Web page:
The decision might "finish prospects for the Palestinian-Israeli peace process," Putin said during a joint press conference with Erdoğan. The Russian president added that Moscow believes that the status of Jerusalem can only be settled through talks between Palestinians and Israel in line with UN resolutions.
Jerusalem was first put under international sovereignty and control with the 1947 UN Partition Plan, which recommended the division of historical Palestine into Jewish and Arab states to end the conflict in the region. The UN opted for special status, as Jerusalem is holy to Jews, Christians and Muslims. However, during the 1948 Arab-Israeli War, Israeli forces declared West Jerusalem part of Israel, ignoring the UN recommendation. In the 1967 Six-Day War, Israel again targeted Jerusalem, taking control of the eastern part of the city, which was previously under Jordanian control.
The OIC Istanbul Declaration is a turning point for Palestine and a strategic blow to Trump's Jerusalem decision, head of the Council on American-Islamic Relations (CAIR) said Wednesday.
"Turkish President Erdoğan and the OIC's final declaration in Istanbul, recognizing east Jerusalem as the capital of Palestine is one clear result that has now triggered an international campaign of counter-recognition of Trump's decision," Nihad Awad was quoted as saying by Anadolu Agency (AA) at the Global Policy Institute, a think tank in the U.S. capitol.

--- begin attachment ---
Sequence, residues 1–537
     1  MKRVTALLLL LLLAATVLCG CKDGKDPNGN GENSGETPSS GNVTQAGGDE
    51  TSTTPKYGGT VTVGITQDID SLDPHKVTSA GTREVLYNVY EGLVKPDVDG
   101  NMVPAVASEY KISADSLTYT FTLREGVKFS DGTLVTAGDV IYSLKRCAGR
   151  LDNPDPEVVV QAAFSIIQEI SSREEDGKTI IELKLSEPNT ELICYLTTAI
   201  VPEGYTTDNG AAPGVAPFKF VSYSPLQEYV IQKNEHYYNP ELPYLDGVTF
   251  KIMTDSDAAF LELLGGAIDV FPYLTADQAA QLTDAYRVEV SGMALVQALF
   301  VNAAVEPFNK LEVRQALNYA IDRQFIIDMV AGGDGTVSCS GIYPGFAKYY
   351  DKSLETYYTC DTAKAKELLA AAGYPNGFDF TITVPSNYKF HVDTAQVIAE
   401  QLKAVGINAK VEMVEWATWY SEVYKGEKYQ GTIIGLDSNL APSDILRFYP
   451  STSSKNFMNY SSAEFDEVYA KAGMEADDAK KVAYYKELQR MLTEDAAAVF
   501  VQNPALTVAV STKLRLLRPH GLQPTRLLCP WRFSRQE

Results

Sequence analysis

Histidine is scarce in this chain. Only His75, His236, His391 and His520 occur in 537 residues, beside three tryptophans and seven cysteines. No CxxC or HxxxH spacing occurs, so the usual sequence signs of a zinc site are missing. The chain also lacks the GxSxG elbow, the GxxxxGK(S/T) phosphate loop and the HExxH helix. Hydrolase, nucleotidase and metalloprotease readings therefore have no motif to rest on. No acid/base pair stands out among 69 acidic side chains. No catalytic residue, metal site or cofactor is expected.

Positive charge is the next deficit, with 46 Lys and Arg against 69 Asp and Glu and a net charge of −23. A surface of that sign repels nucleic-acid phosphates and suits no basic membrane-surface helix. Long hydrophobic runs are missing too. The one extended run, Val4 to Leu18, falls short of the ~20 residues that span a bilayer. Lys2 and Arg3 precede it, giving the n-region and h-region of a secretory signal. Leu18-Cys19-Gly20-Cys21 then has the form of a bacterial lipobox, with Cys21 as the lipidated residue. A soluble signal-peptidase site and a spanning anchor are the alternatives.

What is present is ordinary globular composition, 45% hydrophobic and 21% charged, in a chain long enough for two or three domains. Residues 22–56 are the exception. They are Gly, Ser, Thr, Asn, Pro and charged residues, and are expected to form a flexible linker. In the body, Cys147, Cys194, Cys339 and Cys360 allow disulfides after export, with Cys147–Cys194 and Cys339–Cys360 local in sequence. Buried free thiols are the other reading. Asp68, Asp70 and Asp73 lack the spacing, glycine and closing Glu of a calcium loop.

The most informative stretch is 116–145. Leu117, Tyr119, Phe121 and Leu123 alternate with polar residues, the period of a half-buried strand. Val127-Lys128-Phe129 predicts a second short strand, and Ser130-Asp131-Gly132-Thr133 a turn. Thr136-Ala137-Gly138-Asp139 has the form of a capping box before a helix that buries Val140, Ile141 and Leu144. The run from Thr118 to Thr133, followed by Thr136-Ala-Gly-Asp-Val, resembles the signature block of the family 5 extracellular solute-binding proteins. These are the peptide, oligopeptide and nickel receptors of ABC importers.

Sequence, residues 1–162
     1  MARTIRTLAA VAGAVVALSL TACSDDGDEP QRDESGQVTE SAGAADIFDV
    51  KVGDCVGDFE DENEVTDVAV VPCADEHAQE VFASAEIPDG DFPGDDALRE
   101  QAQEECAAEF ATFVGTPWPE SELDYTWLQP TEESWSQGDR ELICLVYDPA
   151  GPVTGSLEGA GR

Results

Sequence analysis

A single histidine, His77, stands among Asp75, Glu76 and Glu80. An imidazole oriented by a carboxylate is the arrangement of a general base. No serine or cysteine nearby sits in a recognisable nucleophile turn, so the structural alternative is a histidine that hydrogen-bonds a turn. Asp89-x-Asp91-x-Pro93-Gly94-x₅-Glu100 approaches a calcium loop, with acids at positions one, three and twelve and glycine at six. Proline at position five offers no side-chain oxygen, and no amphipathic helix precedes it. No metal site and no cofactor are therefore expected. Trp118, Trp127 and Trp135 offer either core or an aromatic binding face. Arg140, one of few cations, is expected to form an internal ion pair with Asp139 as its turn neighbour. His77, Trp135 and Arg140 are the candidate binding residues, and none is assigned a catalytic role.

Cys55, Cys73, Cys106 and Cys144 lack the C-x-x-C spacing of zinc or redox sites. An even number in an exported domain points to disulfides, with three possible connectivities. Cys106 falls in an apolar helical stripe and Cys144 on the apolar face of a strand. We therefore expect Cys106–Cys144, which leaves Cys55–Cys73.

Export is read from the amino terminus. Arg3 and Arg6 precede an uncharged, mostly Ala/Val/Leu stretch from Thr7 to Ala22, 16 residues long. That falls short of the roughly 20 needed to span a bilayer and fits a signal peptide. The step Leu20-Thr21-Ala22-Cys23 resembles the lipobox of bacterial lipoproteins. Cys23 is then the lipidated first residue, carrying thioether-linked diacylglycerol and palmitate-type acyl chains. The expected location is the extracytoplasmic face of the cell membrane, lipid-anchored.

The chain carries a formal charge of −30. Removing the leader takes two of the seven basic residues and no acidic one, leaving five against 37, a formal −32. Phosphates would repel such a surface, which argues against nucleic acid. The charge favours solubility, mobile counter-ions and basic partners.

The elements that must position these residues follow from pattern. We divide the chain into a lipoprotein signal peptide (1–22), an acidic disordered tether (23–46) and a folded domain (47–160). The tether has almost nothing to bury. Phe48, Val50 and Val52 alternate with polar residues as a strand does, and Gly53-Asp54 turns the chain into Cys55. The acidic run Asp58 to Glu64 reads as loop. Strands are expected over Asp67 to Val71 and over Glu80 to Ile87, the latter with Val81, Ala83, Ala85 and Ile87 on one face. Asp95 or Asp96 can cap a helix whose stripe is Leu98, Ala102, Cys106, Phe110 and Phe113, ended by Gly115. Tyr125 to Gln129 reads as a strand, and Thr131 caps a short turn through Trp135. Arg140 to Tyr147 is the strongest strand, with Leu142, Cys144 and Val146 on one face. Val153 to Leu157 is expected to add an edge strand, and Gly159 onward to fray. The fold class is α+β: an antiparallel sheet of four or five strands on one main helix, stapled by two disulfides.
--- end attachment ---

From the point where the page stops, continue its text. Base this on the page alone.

China's position on Palestine is slightly different than the Russian stance, as it has been a strong supporter of Palestine.
Beijing supports an independent Palestine on the basis of the 1967 borders with east Jerusalem as its capital, Chinese Foreign Ministry spokesman Lu Kang has said. Speaking after the OIC extraordinary summit, he said Beijing understands the concerns of Muslim countries over the status of Je